Kenya’s Supreme Court upholds Ruto’s victory in presidential election

Hillary ORINDE

Kenya’s Supreme Court on Monday upheld William Ruto’s victory in the Aug. 9 presidential election, ending weeks of uncertainty as weary citizens expressed relief at the peaceful conclusion of a drawn-out political process.

“This is a unanimous decision. The petitions are hereby rejected, as a result of which we declare the first defendant (Ruto) elected President,” said the Chief Justice of the Supreme Court, Marta Kume.

The verdict dealt a blow to challenger Raila Odinga, who claimed fraud and filed a petition against the results of a poll that saw Deputy President Ruto win by less than two percentage points in a tight race.

While voting day passed peacefully, observers feared the contested result could spark violence in the country, which has a history of post-vote unrest.

Ruto made a conciliatory note, promising to extend a “brotherly hand” to his rivals, including Odinga, a seasoned opposition leader now backed by the ruling party.

“I extend the hand of brotherhood to all my competitors and all their supporters. We are not enemies, we are Kenyans,” Ruto, 55, said in a speech after the verdict.

“Our elections and the judiciary won.”

Ruto will be sworn in on September 13, becoming Kenya’s fifth president since independence from Britain in 1963 and taking over the reins of a country plagued by inflation, high unemployment and a devastating drought.

As Ruto’s supporters celebrated, Odinga, 77, said he respected the decision but disagreed with its content.

“We have always stood for the rule of law and the constitution. In this regard, we respect the opinion of the court, although we strongly disagree with their decision today, ”the statement says.

“We don’t want trouble”

The announcement of the results last month sparked angry protests in Odinga’s strongholds, but there were no signs of violence on Monday.

At his coastal bastion, Kisumu, messages calling for peace were plastered on the walls and pinned to poles as police patrolled the streets.

“We don’t want trouble because we realized that we are the ones who are suffering,” said Nelima Atieno, a second-hand clothing dealer.

Minibus driver Kevin Omolo echoed her point, telling AFP: “We don’t want people to demonstrate.”

“We cannot change the verdict, although it is painful.”

Judges have spent the past two weeks sifting through boxes of evidence to determine whether any irregularities were significant enough to invalidate the election, as was the case with the August 2017 presidential election, which Odinga also contested.

Kume said the technology used by the Independent and Electoral Boundary Commission (IEBC) meets standards of “integrity, verifiability, security and transparency.”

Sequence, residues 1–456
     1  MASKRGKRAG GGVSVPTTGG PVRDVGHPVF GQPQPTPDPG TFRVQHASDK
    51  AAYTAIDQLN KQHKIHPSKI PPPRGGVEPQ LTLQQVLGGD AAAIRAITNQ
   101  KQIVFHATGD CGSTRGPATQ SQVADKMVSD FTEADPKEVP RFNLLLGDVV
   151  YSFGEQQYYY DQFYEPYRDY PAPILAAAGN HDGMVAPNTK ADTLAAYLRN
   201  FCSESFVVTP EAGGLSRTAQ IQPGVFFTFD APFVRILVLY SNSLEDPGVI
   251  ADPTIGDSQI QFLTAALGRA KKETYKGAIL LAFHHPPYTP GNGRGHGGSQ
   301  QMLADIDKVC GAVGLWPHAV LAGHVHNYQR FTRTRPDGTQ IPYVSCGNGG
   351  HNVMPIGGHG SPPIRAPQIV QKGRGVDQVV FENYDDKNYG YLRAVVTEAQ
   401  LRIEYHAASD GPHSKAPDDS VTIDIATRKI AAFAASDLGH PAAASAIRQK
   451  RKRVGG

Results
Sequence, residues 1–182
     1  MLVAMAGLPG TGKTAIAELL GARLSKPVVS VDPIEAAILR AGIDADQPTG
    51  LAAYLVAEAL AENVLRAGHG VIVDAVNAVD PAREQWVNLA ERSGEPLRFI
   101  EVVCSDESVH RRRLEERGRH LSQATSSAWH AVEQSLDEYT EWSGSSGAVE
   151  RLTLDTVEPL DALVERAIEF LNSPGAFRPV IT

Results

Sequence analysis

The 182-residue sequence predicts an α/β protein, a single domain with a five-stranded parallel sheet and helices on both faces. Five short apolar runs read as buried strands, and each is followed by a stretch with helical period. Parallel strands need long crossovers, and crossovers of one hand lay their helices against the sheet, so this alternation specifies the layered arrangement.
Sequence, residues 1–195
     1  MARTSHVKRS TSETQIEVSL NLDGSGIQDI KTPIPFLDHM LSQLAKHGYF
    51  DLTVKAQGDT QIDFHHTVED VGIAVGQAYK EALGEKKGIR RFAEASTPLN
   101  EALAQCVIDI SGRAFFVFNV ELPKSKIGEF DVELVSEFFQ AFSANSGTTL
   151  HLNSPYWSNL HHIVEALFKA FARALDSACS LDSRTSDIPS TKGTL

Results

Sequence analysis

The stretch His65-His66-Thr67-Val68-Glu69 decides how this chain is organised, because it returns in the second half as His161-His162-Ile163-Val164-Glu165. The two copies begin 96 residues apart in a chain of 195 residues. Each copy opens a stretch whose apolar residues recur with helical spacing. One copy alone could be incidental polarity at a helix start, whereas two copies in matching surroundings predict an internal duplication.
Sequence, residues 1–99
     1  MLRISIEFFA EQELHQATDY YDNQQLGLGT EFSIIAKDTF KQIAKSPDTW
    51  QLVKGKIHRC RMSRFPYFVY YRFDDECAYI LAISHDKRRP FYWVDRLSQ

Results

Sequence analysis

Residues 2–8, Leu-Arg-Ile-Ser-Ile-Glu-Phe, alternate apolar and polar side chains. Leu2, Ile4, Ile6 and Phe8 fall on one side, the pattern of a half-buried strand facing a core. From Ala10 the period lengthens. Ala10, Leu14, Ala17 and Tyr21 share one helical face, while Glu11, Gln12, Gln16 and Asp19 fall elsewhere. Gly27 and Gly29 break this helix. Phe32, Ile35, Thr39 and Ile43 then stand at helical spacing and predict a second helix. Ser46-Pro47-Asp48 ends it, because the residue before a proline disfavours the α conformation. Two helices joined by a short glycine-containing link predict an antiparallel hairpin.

Any “violations were not of such magnitude as to affect the final results of the presidential election,” she said, dismissing all claims by the complainants.

Odinga’s 72-page petition claimed that hackers hacked into IEBC’s servers and uploaded fake results forms, but the court dismissed the claim.

“We just need jobs”

In several cities, the verdict sparked celebration among Ruto’s supporters, who cheered and banged plastic buckets.

“I am full of joy,” said Hassan Barre, a ruto voter in the northeastern city of Garissa.

“We know that life for Kenyans will get better… all those who are at the bottom will rise. Businesses will thrive and food prices will drop.”

In Nairobi, stony-faced supporters of Odinga expressed their disappointment, and a group of women told AFP: “Not all of us are happy.”

But with the economy in the doldrums, many Kenyans are relieved to see that the political drama is over and business can pick up again.

“This announcement allows us to move on (in our lives),” said Caroline, a 30-year-old metropolitan florist.

“We just need a job,” she told AFP.

Ben Hunter, an African analyst with risk intelligence group Verisk Maplecroft, said in a note that any protests were unlikely to lead to prolonged unrest.

“The unanimity of the judgment and the ongoing economic crisis will dampen the appetite for conflict,” he said.

Despite losing the presidential election, Odinga’s Azimio La Umoja-One Kenya coalition boasts a slim majority in the lower house of parliament, and Ruto launches an offensive with charm to win the support of a dozen independent MPs.

Since 2002, no Kenyan presidential poll result has remained unchallenged, with Odinga previously claiming he was cheated into winning the 2007, 2013 and 2017 polls.

In a 2017 poll, dozens of protesters were killed by police.

The worst election violence in Kenya came after the 2007 vote, when more than 1,100 people died in politically motivated clashes involving rival tribes.

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